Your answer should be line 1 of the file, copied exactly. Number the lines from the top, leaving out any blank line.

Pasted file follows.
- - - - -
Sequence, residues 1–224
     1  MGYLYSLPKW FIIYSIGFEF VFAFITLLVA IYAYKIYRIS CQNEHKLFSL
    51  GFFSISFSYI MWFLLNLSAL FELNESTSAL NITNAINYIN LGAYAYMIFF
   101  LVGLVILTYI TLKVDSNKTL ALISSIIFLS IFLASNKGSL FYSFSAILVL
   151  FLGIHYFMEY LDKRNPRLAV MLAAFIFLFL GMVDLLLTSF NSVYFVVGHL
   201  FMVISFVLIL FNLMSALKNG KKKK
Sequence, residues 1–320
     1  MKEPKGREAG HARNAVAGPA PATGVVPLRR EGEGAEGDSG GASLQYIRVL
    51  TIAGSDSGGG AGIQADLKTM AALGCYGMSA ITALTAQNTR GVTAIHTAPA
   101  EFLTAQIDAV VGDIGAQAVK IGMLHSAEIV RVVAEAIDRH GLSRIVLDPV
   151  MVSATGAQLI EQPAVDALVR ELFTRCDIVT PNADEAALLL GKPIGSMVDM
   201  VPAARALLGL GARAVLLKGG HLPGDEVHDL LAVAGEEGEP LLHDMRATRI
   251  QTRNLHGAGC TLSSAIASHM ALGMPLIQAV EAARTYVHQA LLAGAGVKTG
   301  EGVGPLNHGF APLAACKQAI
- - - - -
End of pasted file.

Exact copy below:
Sequence, residues 1–224